Front Page

Previous Story

Next Story

NIH Record vertical blue bar column separator Retirees graphic

NINDS's Kupferberg Retires After 30 Years

By Shannon E. Garnett

Dr. Harvey J. Kupferberg, who served for many years as chief of NINDS's preclinical pharmacology section, retired on June 14 after 30 years of government service.

"I leave with a great sense of accomplishment," said Kupferberg. "I finished what I wanted to do. I can see my footprints on the sands of life. I cannot ask for more."

Dr. Harvey J. Kupferberg

For years, Kupferberg played an essential role in the NINDS Antiepileptic Drug Development (ADD) program, which funds academic and industrial scientists in the United States, Europe and other parts of the world who conduct preclinical studies and clinical trials of promising new drugs for the treatment of epilepsy. The program — founded in the early 1970's by the late Dr. J. Kiffin Penry, a pioneer in the field of epilepsy research and former chief of the NINDS Epilepsy Branch, and Dr. Roger Porter, former deputy director, NINDS — supports drug screening that significantly shortens industry's time for developing new antiepileptic drugs. The program consists of two major components — preclinical and clinical. Potential therapeutic agents are screened by the program and then evaluated in clinical trials.

Kupferberg developed the preclinical part of the program. In addition to screening the compounds for their potential as therapeutic agents, the preclinical pharmacology section was also responsible for preclinical toxicology, metabolism and mechanism-of-action studies. All of these data are essential for drug development.

Since the program began, NINDS has screened more than 23,000 compounds for their potential in treating seizures. More than 25 of those compounds have reached clinical development status. "NINDS has played a part in every new therapeutic agent now available to the epilepsy community," said Kupferberg. "I believe that no other government program can match our success."

Kupferberg earned his bachelor of science degree in chemistry from the University of California at Los Angeles in 1955. He earned his doctorate of pharmacy degree from the University of Southern California in 1959, and his Ph.D. in pharmacology from the University of California at San Francisco in 1962.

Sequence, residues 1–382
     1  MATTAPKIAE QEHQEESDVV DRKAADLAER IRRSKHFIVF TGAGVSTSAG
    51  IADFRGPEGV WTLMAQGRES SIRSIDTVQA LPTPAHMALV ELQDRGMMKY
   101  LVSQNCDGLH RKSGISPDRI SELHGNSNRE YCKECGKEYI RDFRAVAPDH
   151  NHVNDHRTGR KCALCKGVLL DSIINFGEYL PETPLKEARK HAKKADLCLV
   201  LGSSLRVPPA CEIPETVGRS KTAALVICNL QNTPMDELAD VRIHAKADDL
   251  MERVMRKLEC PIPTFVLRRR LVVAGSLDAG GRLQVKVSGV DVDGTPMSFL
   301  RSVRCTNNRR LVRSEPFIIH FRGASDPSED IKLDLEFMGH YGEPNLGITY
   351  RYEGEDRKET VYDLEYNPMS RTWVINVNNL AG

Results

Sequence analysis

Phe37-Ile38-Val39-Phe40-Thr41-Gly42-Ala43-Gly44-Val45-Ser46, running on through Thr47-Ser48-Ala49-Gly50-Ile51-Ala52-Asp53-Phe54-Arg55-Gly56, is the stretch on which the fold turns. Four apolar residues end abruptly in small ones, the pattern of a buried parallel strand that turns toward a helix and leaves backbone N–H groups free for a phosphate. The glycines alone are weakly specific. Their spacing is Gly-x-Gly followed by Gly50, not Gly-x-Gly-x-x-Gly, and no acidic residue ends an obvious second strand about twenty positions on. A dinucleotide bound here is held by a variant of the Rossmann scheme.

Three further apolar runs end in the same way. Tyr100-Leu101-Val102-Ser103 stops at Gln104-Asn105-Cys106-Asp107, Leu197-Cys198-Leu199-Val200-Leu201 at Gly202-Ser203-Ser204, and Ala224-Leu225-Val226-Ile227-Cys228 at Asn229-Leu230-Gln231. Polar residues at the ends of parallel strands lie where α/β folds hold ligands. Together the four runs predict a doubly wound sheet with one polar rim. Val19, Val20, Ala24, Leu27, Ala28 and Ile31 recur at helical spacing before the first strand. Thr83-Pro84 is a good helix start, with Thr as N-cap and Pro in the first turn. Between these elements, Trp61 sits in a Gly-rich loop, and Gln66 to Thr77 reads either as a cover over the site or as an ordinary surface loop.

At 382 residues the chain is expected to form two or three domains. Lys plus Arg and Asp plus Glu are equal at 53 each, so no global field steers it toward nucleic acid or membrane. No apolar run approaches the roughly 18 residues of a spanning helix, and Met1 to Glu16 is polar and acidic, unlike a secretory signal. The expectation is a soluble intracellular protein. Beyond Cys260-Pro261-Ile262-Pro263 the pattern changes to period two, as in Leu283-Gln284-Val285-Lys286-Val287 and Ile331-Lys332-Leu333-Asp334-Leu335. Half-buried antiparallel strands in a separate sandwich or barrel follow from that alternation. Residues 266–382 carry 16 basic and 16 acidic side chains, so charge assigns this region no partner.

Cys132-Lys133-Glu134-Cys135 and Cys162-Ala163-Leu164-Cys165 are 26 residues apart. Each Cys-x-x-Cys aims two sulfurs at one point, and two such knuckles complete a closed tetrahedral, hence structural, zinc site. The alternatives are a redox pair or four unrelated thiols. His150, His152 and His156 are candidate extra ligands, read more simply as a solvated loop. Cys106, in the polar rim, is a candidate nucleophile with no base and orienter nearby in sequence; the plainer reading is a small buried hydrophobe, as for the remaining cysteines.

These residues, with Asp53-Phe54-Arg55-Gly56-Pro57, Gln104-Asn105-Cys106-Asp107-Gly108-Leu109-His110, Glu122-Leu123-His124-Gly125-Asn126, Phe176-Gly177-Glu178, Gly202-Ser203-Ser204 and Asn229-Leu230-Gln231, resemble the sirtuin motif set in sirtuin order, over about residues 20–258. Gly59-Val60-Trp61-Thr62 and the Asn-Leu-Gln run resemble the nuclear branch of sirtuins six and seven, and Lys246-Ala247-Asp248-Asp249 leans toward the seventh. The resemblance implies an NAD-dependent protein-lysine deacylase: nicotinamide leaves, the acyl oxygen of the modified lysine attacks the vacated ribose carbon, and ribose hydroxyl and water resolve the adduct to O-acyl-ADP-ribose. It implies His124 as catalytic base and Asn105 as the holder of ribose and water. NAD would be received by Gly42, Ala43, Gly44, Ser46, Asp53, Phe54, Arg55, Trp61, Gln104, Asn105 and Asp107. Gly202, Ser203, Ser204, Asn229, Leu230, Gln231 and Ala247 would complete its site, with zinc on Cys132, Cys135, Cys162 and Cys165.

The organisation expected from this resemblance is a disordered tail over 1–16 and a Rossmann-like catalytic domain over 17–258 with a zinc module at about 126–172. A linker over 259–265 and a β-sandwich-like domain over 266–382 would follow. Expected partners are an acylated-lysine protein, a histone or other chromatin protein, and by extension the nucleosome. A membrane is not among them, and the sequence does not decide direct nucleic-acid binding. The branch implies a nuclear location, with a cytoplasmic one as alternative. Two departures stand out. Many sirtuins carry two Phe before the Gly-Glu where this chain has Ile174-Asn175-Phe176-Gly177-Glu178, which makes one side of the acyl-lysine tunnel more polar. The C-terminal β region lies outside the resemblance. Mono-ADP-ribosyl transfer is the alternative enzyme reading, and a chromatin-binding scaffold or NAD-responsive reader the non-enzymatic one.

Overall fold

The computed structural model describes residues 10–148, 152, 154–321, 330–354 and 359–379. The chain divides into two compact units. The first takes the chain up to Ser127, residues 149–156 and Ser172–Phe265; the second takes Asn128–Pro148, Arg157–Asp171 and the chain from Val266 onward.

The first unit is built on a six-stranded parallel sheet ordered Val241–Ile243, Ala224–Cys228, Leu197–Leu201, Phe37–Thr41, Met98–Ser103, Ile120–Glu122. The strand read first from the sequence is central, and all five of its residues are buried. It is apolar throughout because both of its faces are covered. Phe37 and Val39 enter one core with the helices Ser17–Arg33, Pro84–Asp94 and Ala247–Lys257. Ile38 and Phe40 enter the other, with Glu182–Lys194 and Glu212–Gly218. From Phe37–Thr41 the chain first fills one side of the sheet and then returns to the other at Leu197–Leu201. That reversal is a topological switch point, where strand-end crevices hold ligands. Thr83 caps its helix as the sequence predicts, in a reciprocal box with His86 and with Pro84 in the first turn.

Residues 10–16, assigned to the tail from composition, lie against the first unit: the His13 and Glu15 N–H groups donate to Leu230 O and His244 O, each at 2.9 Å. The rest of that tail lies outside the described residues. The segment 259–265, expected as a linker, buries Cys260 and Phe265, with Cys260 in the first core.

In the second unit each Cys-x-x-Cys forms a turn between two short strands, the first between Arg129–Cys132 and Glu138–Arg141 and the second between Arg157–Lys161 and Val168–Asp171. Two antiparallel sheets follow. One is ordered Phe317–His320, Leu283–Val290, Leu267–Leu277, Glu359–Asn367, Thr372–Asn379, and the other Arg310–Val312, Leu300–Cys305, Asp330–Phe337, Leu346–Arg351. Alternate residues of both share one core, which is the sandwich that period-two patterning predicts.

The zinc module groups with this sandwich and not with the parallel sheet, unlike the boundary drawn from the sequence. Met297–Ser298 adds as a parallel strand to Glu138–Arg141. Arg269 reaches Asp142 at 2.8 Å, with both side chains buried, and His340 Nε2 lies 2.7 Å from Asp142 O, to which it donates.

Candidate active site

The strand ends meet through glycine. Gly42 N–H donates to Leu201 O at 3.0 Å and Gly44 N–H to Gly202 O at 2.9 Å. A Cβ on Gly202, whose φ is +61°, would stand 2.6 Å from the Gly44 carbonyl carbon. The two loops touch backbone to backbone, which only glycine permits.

He first came to NIH in 1963 as a postdoctoral staff fellow. In 1965, he left for a life in academia at the University of Minnesota, first as an instructor and then as assistant professor in the pharmacology department.

In 1971, he returned to NIH, joining NINDS as a pharmacologist in the Epilepsy Branch of the institute's extramural Division of Convulsive, Developmental and Neuromuscular Disorders. He became chief of the preclinical pharmacology section in 1982.

Throughout his career, Kupferberg has received many accolades and honors including an Award of Merit for outstanding contributions in pharmacologic development of antiepileptic drugs from the International League Against Epilepsy in 1988, and the first American Epilepsy Society Service Award for his outstanding contributions in the field of epilepsy in 1994. Most recently he was honored at the NINDS Curing Epilepsy Conference, held in March at the Natcher Center, in recognition of his many years of service leading the ADD program.

"We now enter a new era of drug development. The direction Dr. Fischbach is embarking on is a long and difficult one," said Kupferberg. "I will miss being a part of the new direction that has been initiated for our institute. I hope those who follow me will find the same excitement and fulfillment that I have had during my stay at NINDS."

In retirement, Kupferberg plans to stay in the area with his wife, who is chief of the speech pathology section in the Clinical Center's rehabilitation medicine department, and his daughter and grandsons. He also plans to consult on other drug development projects and to pursue his passions for photography and worldwide travel. And, from time to time during the next year, he will be at NIH serving as a special NINDS volunteer, helping with transitions in the ADD program.

Up to Top